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Italian PM Giorgia Meloni during a press conference in Rome.

LaPresse / Roberto Monaldo/Sipa via Reuters Connect

What We’re Watching: Meloni’s migrant moves, a cartel for rainforests, Haiti’s hope for fuel

Meloni draws a line on migrants

Since becoming Italy’s prime minister two weeks ago, Giorgia Meloni has pushed back against media attempts to portray her as a far-right nationalist euro-skeptic troublemaker. Aware that Italy needs cash from the EU, she’s presented her government as ready to negotiate with Brussels on outstanding issues in good faith. She’s made clear her support for Ukraine and NATO. Yet, she does stand ready to strike a harder line on migration policy as asylum-seekers continue to arrive by boat. (Italy has already received 85,000 migrants from across the Mediterranean this year.) On Sunday, two rescue ships that made port in Sicily were told that children and people with medical problems were allowed off the ships, but able-bodied men were not considered “vulnerable” and must remain on board. The ships were then ordered to leave, but their captains refused to budge. Rights groups and Italian opposition politicians say Italy’s decision violates EU law and the Geneva Convention. Meloni knows that many Italians expect a harder line on asylum policy and that greenlighting the entry of all migrants encourages more people to take the risky journey across the Med. This standoff is just the beginning of the Meloni government’s battle with EU officials and aid groups over an issue that provokes strong emotions on both sides.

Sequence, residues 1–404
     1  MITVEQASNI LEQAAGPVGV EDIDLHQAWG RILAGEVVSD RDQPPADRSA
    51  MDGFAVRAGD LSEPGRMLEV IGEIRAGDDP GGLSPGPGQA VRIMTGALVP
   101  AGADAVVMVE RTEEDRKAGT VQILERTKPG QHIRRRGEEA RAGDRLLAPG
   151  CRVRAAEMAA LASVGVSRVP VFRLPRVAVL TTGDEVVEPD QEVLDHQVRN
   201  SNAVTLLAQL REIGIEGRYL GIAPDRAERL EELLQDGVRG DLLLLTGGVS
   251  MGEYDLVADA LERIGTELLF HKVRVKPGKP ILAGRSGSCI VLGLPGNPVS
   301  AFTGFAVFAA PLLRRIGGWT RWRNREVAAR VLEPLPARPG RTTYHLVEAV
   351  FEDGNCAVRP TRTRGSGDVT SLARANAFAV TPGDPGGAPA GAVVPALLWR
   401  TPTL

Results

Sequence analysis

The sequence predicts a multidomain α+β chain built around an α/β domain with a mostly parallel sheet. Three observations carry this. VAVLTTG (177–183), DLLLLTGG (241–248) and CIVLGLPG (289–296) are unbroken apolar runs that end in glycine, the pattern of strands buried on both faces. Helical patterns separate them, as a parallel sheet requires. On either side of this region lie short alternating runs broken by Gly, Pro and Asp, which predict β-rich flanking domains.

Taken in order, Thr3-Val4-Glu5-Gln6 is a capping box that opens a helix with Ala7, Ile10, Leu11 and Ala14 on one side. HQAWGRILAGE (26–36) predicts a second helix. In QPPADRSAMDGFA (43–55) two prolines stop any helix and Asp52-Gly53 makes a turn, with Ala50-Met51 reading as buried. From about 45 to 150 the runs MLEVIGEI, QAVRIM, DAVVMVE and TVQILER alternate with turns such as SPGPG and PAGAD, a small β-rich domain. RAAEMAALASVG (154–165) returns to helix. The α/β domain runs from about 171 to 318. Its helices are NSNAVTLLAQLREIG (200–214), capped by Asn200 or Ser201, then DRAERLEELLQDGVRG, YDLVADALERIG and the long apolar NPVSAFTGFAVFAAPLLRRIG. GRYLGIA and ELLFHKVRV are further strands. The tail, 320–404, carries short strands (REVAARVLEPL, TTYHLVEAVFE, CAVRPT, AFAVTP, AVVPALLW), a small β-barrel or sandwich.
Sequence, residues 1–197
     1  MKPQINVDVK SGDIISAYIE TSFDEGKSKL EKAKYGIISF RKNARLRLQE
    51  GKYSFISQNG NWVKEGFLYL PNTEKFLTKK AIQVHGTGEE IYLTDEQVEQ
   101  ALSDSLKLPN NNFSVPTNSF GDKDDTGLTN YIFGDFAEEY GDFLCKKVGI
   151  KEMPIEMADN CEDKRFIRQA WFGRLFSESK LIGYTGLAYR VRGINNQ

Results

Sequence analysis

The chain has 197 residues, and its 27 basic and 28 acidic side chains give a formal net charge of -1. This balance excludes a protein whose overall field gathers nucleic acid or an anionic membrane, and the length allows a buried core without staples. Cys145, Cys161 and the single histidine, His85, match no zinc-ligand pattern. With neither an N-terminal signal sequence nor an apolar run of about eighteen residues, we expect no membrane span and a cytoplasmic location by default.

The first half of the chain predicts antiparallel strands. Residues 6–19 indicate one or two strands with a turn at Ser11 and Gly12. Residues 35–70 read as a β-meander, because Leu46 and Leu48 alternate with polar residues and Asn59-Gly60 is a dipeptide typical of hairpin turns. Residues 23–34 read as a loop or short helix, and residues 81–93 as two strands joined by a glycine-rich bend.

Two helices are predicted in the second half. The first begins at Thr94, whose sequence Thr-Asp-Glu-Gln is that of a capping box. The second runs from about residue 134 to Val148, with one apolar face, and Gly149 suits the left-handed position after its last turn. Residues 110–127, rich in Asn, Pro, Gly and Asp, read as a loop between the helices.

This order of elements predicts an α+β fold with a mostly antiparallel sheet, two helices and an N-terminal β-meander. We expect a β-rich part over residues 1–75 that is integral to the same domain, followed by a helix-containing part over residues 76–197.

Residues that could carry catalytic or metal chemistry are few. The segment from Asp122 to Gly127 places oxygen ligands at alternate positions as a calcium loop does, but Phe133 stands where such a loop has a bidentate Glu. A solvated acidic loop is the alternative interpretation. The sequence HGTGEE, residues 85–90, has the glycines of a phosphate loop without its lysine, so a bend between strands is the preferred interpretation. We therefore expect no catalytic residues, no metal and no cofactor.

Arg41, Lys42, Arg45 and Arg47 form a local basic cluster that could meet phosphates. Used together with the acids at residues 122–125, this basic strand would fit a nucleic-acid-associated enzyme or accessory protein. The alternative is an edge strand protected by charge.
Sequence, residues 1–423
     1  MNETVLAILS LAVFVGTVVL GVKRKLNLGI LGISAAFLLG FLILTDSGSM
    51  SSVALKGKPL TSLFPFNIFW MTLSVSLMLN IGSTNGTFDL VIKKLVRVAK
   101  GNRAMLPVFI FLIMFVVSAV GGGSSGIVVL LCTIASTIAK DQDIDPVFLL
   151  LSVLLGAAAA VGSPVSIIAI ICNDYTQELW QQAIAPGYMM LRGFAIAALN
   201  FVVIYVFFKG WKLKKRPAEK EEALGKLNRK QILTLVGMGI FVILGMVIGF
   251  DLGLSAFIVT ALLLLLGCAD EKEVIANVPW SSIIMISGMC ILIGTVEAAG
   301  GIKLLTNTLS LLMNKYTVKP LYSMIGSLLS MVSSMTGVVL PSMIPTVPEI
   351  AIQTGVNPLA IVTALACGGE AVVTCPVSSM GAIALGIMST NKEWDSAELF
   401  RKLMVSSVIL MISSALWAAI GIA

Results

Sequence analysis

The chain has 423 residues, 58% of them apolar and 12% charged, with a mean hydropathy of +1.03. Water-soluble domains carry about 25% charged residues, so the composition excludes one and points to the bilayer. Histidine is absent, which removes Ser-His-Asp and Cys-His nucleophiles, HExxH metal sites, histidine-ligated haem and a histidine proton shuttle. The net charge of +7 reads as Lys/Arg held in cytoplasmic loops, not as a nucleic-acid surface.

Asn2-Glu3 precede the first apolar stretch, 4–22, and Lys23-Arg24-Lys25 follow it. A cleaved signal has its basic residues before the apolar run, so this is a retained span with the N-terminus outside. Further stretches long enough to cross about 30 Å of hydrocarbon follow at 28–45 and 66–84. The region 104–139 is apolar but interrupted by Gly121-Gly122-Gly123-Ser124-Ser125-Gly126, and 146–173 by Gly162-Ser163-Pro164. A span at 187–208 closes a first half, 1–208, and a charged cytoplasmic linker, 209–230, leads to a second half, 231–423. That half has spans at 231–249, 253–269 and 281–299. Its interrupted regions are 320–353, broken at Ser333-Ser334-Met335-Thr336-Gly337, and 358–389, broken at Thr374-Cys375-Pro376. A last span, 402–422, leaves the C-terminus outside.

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GZERO Media

Hell in Haiti

The Caribbean state of Haiti has been in a persistent state of pandemonium for decades. Yet, what’s happening now on the island nation of 11 million reflects a profound new wave of instability that’s threatening to spill over into neighboring countries.

Thousands of Haitians have recently taken to the streets calling for the resignation of Prime Minister Ariel Henry, while large swaths of the capital, Port-au-Prince, are being ruled by rival gangs vying for power. Forget democracy or autocracy – lawlessness is rampant in Haiti.

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People march during a protest against the government and rising fuel prices, in Port-au-Prince, Haiti.

Reuters

What We’re Watching: UN mulls Haiti intervention, petrol workers join Iran protests, Biden tightens tech exports to China

Haiti pleads for help

Haiti’s spiraling social unrest has prompted Prime Minister Ariel Henry to appeal to the international community for “specialized armed forces” to help quell demonstrations and gang violence wreaking havoc across Port-au-Prince, the capital. Henry’s request comes a month after planned cuts to fuel subsidies amid an economic crisis unleashed a torrent of unrest across the poorest country in the Western Hemisphere. (Protesters are demanding the resignation of Henry, who has been implicated in the 2021 assassination of President Jovenel Moïse and has failed to hold fresh parliamentary elections.) Making matters worse, gangs recently stormed a key fuel terminal in the capital, preventing the distribution of millions of gallons of gas, and have also looted food aid centers. As a result, hospitals and schools have been forced to close. The US, for its part, has not shut down the request, but it seems unlikely that President Joe Biden will support sending boots on the ground. Still, the deteriorating situation in the Caribbean country is not something he can afford to ignore given the uptick in Haitian migrants arriving at the US southern border over the past year. Meanwhile, UN Secretary-General António Guterres supports sending a rapid action force, but some experts warn that this would further inflame the situation. Indeed, Haitians have little love for the UN, whose “peacekeeping” forces (2004-2017) reportedly raped hundreds of Haitian women and girls and unleashed a cholera outbreak that killed thousands.